The only reason I'm in San Pedro de Atacama is that the alternatives sounded worse.
Atacama exists to serve the people who come from all over the world to bike, hike and otherwise explore the driest place on earth. It is a tourist mecca like Aguas Calientes is for Machu Picchu. All reviews I read of the town were negative, plus I found that even a crummy hotel in Atacama costs an arm and a leg. But it's the first Chilean town you hit coming over the Andes from Purmamarca, Argentina, and, I thought, how bad could it be?
Then the bus entered Atacama and I realized I'd made a mistake. This isn't a town, it's some other town's dump. I got off the bus at the bus station and found nothing marked, no street signs, no addresses, just a maze of dusty streets populated by other bus riders wandering zombie- like looking for directions. I wondered if I could go back to the bus and ask if they'd take me back, let me ride to the next stop, Calama.
But I kept walking, determined to find some redeeming value in this horrid place. I pulled out my phone and called Canada, not for an RCMP airlift home but to add a roaming data plan so I could pull a map to find my hotel. And suddenly the town is OK, in fact better than OK. Soon I found the main square, streets with names, cute restaurants, excursion companies, bike rentals, hidden markets, and lots of people young and not so young speaking different languages and dressed in outdoorsy attire having a good time. And my opinion of Atacama changed. This is a cool place unlike any I've visited. I like it here. Weird, eh?
I start the day with a fifteen minute walk into Atacama for breakfast at a very charming restaurant. The sky is a cloudless deep blue and it is warm and, of course, dry - as i keep saying, this is the driest place on earth.
Casa Don Esteban claims to offer breakfast but instant coffee, stale cereal with no milk, and a cracker isn't breakfast. The rooms look much better in photos than in person. A poor choice of a hotel but after paying US$85 per night for the luxurious Patio Alto in Tilcara and 65 for the comfortable Carpe Diem in Salta, I thought 100 per night would get me a good room in Atacama. If I could jump into my tardis and do it again I'd pay the 300 or so that is the going price for a nice room in Atacama.
The hotel's positives are its bubbly proprietor, though she speaks no English, its peaceful location away from town, and its market: the hotel targets astronomers so it is empty and quiet all night (they are out stargazing) and they sleep all day.
I guess Atacama is a different market than Salta and Tilcara plus Chile's economy is more stable so maybe that is why hotels cost much more here. Atacama's international draw allows hotels to charge more; one can easily pay 1000 a night here. Just listening to the languages spoken and noting the expensive cameras - my barometer - I know I'm not in Argentina anymore.
After breakfast I hire a mountain bike to ride 10 km to a nearby lookout and it turns out to be spectacular ride through a red-rock canyon then up a hill that overlooks green valleys with volcanoes and snow - capped Andean mountains in the distance. Beautiful. The only challenge is that i can feel the altitude - 2500 m - so the uphill sections have me panting. Along the way I stop to talk to a German biker who recommends another trail, an all-day ride to a lunar landscape, but tomorrow I've a plane to catch to Santiago.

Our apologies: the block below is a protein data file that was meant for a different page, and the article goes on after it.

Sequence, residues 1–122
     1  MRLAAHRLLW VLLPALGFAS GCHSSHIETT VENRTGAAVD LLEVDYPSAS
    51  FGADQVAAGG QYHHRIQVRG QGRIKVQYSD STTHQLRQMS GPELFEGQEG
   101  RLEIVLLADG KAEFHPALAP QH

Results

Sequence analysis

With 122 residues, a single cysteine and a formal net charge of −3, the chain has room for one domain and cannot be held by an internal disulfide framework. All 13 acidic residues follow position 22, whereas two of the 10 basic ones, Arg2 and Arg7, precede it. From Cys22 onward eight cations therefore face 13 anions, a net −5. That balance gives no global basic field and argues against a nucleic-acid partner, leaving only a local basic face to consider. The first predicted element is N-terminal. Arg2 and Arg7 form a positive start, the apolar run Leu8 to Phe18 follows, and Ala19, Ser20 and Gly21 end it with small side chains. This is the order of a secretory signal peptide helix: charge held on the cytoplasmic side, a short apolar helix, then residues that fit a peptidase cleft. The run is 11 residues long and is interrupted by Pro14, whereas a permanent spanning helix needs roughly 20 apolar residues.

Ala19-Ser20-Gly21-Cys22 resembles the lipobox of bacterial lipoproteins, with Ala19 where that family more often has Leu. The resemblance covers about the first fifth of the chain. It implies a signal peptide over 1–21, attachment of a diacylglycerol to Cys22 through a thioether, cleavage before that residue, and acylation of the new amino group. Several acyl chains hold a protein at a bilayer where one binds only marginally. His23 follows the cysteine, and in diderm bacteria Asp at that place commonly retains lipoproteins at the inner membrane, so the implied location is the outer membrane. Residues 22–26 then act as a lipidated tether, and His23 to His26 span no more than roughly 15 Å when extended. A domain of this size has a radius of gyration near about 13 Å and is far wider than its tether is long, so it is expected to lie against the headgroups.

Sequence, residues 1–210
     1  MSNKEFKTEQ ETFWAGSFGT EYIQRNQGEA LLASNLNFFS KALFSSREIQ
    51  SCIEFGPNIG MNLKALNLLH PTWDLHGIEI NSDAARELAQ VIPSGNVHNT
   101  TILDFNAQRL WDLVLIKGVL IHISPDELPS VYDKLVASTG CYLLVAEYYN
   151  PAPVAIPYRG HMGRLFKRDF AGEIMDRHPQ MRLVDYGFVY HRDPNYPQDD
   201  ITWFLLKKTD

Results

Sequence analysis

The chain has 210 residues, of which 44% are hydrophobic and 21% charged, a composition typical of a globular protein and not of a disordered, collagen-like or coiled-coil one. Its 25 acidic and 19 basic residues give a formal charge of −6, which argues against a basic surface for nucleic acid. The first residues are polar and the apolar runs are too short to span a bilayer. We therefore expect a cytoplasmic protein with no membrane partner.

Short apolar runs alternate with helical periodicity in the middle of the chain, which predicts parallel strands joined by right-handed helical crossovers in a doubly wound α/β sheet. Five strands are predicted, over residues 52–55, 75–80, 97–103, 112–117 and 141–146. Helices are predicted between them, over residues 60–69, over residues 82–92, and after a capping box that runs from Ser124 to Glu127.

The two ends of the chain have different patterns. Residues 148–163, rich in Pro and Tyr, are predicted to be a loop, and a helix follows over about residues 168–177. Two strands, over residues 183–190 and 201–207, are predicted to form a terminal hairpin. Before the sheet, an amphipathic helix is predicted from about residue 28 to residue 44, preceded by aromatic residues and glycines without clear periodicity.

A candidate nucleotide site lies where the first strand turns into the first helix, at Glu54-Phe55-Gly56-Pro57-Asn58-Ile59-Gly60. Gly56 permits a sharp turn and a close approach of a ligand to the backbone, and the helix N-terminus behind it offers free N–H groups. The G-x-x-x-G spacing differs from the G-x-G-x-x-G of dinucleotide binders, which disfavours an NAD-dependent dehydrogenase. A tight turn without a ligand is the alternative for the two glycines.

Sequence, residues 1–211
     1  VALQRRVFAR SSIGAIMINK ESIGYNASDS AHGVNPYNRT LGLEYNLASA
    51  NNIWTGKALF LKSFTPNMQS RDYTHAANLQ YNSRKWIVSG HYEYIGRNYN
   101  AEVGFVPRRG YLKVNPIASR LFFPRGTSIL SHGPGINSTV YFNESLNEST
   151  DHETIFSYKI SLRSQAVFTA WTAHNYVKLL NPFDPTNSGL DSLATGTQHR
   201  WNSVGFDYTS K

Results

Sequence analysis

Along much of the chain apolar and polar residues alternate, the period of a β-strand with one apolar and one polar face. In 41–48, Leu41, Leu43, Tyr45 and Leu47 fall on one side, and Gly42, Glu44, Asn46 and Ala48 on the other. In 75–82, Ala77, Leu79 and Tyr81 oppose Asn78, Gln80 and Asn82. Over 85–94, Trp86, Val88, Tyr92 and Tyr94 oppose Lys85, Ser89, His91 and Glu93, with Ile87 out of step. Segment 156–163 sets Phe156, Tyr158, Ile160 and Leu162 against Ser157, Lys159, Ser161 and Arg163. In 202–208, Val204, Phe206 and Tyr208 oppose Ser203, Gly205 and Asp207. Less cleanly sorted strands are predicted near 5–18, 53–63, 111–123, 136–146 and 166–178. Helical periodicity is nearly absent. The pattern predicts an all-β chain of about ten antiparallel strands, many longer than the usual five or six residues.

I get back to town and stop for ice cream. I'm thinking about going for a pisco sour later...
My opinion of Atacama is now a complete reversal of my initial impression and if I could I'd stay one more day, though I'd look for another hotel. I especially like how they've taken the indigeneous adobe architecture and had fun with it. As they say in Argentina, Ciao.
It is noon and I am sitting in La Estaka, a restaurant in Atacama, sipping an espresso and enjoying a lunch (the meal of the day special) which features cheese - covered clams followed by an entre of tender ground beef covered in pesto on a bed of local grains and vegetables , followed by dessert of pastel de leche (cake soaked in milk covered with browned whip cream) for 7500 pesos (US$15). Excuse the description - I find recitations of eaten meals and recipes tedious - but this is one of my best meals of the trip, for taste, reflection of local cuisine, and presentation. If i return to Atacama I may eat all my meals at La Estaka.
This is proving to be a good day food-wise. When I checked out of the hotel this morning I was surprised to find the hotel serving a real breakfast: scrambled eggs, meat, cheese, and bread. Don't know what happened to yesterday's breakfast.
I walk to town to visit the Museo Gustavo Le Paige, named for a Belgian priest, painter, and archaeologist who settled in Atacama in the 1950s. He founded the museum which contains exhibits (in English as well as Spanish ) on the Inka as well as the flora and fauna of the desert and the Andes. The museum is well organized in a hub-and-spoke chronological layout though the building is a bit worn.
I walk through Iglesia Sam Pedro, a beautiful 17th century colonial church also on the main square. The church is built of adobe, wood from the cardon cactus, and, in lieu of nails, large leather straps.
I am thinking about returning to Atacama - quite a change in attitude from my first impression - for a longer stay, perhaps combining it with Bolivia and a return to Peru. But I'll stay in a different hotel and study up on the different tours available. Atacama has lots of tour agencies in town offering trips ranging from local half-day affairs to multi-day trips to Bolivia.
That is it for today. I am off to Calama to catch a flight to Santiago.